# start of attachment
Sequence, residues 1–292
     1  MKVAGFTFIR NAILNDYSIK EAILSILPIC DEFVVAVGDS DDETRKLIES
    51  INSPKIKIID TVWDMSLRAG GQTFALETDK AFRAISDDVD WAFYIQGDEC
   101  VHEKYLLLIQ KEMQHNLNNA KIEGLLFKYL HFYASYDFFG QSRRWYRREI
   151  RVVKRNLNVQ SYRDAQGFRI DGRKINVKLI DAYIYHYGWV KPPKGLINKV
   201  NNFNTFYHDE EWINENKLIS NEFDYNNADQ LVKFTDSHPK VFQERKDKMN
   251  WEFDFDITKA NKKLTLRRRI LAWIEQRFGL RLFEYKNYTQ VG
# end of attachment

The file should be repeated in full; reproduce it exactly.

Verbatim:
Sequence, residues 1–292
     1  MKVAGFTFIR NAILNDYSIK EAILSILPIC DEFVVAVGDS DDETRKLIES
    51  INSPKIKIID TVWDMSLRAG GQTFALETDK AFRAISDDVD WAFYIQGDEC
   101  VHEKYLLLIQ KEMQHNLNNA KIEGLLFKYL HFYASYDFFG QSRRWYRREI
   151  RVVKRNLNVQ SYRDAQGFRI DGRKINVKLI DAYIYHYGWV KPPKGLINKV
   201  NNFNTFYHDE EWINENKLIS NEFDYNNADQ LVKFTDSHPK VFQERKDKMN
   251  WEFDFDITKA NKKLTLRRRI LAWIEQRFGL RLFEYKNYTQ VG